Democrats Just Outraised Republicans in California’s 10 Hottest Races

Reminder: Money doesn’t equal votes.

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Democrats in 10 closely watched California congressional races just posted eye-popping fundraising numbers, eclipsing their Republican rivals. Altogether, these Democratic candidates raised $28.3 million in the third quarter of 2018, compared to $8.3 million reported by their Republican opponents, including eight incumbents.

Drew Godinich, a spokesman for the Democratic Congressional Campaign Committee, notes that Democrats outraised Republicans in every California district the DCCC has targeted to flip from red to blue. “It’s a barometer of the grassroots enthusiasm in these districts,” he says.

California’s most-closely watched races 

Harley Rouda, the Democrat running against Rep. Dana Rohrabacher, pulled in nearly $3.2 million—more than seven times the amount of his opponent. In the 25th District, Katie Hill raised $3.8 million in three months—more than the Democratic and Republican candidates in that district combined raised during the entire 2016 cycle. “Yes, she outraised [Rep.] Steve Knight, and that’s interesting, but this is…a lot,” Godinich says. Even in the Republican-dominated 50th District outside San Diego, Ammar Campa-Najjar pulled in $1.4 million, while embattled Rep. Duncan Hunter reported just $132,000.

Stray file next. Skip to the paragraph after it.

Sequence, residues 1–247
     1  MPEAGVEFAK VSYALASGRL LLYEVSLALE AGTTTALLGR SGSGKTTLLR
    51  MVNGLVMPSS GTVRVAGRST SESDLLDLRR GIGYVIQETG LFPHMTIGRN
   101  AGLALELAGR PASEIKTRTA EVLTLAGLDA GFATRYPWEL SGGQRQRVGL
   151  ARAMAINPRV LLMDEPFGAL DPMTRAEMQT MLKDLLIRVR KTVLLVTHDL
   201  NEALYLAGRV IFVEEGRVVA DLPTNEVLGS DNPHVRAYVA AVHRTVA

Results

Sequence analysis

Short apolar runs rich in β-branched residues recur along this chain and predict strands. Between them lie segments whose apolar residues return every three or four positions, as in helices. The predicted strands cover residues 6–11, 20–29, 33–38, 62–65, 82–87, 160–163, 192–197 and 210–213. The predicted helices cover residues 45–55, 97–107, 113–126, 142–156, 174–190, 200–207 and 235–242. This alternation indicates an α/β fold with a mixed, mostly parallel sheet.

Raising all that money is no guarantee of a win, of course. Candidates like Campa-Najjar and Andrew Janz, the 34-year-old Fresno prosecutor hoping to unseat Republican Rep. Devin Nunes in the Central Valley, are running in districts with hefty Republican voter advantages. But their balance sheets suggest they’ll be able to keep up the pressure on their opponents until Election Day.

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You expect the big picture, and it's our job at Mother Jones to give it to you. And right now, so many of the troubles we face are the making not of a virus, but of the quest for profit, political or economic (and not just from the man in the White House who could have offered leadership and comfort but instead gave us bleach).

In "News Is Just Like Waste Management," we unpack what the coronavirus crisis has meant for journalism, including Mother Jones’, and how we can rise to the challenge. If you're able to, this is a critical moment to support our nonprofit journalism with a donation: We've scoured our budget and made the cuts we can without impairing our mission, and we hope to raise $400,000 from our community of online readers to help keep our big reporting projects going because this extraordinary pandemic-plus-election year is no time to pull back.

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